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hoodriverluvr 1 year, 6 months ago

LocalObserver and McBride are stating the opposite of the law of the state of Oregon as defined by the Oregon Supreme Court. A decision by the Oregon Supreme Court clearly states that renting a home on a short term basis is an allowed residential use and not a commercial use.

https://scholar.google.com/scholar_case?case=12141304835028905470&hl=en&as_sdt=2&as_vis=1&oi=scholarr

More specifically: Plaintiffs asserted that "the acceptance of a fee in exchange for daily or weekly stays at [the home] is not a residential purpose" ... We disagree. Whether or not defendants receive a rental fee is not the determinative factor, because the "residential purpose" clause of the restrictive covenant controls the manner in which the property is used. Although the renters pay to occupy defendants' home, they are using the home for residential purposes. Plaintiffs do not assert, nor does the evidence indicate, that defendants' home, when rented, is used for any nonresidential purposes.

...defendants' practice of renting their vacation home on a short-term basis [even] through a third party is not a commercial enterprise. Defendants' home is not open to the public for on-site rental, such as a motel, nor is it advertised as a rental by signs on the property. The maximum number of renters and vehicles allowed at any one time appears to be reasonable given the size of the home. What occurs on defendants' property is not any greater infringement on the residential character of the subdivision than would occur with a large family that regularly visited its own vacation home. The only distinction is that defendants receive a fee for the use of their home. Under the covenants involved in this case, that alone is not enough to constitute a commercial enterprise.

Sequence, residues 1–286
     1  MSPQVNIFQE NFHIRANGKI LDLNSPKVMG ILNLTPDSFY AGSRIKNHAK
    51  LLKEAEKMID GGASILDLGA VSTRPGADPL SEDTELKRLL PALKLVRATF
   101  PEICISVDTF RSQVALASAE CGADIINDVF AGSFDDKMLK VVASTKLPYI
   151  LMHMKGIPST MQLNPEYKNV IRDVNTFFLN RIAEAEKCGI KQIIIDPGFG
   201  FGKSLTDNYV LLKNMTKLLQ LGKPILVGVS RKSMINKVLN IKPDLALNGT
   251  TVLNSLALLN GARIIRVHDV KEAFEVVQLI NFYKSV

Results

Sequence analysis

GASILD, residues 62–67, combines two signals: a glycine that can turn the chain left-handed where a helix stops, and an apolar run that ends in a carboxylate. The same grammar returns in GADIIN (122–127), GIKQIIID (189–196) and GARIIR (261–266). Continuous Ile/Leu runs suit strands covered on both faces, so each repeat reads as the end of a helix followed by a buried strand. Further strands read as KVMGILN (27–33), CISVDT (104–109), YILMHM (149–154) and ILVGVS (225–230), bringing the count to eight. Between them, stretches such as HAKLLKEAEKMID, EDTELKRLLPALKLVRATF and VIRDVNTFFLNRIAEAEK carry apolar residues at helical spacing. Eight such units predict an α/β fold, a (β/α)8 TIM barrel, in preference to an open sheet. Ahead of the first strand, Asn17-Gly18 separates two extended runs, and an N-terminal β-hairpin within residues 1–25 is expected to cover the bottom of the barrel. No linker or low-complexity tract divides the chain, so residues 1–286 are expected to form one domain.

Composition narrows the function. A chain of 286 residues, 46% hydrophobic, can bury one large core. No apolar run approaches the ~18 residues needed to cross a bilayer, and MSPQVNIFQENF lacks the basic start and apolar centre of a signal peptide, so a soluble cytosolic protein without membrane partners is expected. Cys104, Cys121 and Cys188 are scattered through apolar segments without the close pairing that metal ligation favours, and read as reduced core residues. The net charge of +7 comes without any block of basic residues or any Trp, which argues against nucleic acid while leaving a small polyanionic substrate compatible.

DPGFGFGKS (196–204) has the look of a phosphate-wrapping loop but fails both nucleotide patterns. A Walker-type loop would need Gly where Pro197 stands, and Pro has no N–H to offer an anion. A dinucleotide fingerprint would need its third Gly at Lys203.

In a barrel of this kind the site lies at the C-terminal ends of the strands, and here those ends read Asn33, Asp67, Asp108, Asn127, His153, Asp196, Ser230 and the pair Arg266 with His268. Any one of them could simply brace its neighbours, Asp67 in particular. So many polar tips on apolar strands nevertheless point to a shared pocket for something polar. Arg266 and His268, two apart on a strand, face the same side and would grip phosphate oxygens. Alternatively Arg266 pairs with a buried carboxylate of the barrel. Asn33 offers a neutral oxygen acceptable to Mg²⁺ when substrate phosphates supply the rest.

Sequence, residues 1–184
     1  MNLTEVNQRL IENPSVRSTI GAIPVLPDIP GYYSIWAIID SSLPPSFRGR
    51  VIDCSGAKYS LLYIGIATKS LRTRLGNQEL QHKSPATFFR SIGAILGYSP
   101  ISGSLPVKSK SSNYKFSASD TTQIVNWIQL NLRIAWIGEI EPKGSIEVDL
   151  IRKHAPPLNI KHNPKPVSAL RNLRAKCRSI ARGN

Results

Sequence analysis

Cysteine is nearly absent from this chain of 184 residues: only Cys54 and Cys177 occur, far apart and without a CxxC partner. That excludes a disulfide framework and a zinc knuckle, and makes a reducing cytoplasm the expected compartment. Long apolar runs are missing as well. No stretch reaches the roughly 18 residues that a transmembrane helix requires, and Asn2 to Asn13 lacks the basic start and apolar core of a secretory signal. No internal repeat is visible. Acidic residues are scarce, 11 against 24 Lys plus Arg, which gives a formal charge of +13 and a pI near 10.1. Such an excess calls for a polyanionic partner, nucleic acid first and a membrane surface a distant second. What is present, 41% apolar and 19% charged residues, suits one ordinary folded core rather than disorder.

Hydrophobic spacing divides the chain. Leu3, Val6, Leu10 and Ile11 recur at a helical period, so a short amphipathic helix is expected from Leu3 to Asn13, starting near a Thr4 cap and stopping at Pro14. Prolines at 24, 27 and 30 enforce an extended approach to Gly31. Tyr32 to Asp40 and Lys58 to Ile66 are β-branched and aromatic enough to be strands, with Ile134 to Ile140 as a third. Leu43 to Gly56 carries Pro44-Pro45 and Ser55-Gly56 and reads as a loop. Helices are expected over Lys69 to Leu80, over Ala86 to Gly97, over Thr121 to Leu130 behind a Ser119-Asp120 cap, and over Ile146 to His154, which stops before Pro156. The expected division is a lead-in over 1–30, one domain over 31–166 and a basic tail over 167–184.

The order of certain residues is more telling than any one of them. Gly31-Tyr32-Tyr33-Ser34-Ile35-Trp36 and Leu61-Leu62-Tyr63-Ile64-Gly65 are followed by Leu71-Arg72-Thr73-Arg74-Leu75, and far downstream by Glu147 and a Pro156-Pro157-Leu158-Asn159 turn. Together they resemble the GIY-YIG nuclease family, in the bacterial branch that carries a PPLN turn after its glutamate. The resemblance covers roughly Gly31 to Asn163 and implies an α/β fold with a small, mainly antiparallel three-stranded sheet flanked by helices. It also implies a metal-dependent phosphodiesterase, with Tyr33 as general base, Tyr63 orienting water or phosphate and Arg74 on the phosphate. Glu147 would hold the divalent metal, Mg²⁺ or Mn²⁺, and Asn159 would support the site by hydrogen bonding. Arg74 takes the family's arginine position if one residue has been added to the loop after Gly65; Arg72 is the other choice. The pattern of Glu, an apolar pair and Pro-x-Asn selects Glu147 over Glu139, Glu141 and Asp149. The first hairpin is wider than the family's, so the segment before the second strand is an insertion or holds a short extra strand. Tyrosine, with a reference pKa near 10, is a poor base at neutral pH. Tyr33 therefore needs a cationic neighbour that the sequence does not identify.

If a "commercial enterprise" is any undertaking or systematic purposeful activity involving business dealings of any kind, then the covenant covers defendants' use of the property, because the short-term vacation rentals systematically and purposefully generate revenue from arm's-length transactions. On the other hand, if a "commercial enterprise" requires a business organization that has profit as its primary aim, then the covenant does not cover defendants' use, because the facts shown do not demonstrate that defendants are a business organization or that they have profit as their primary aim (as would be true, for example, of a bed-and-breakfast business).

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gorgeres12 1 year, 6 months ago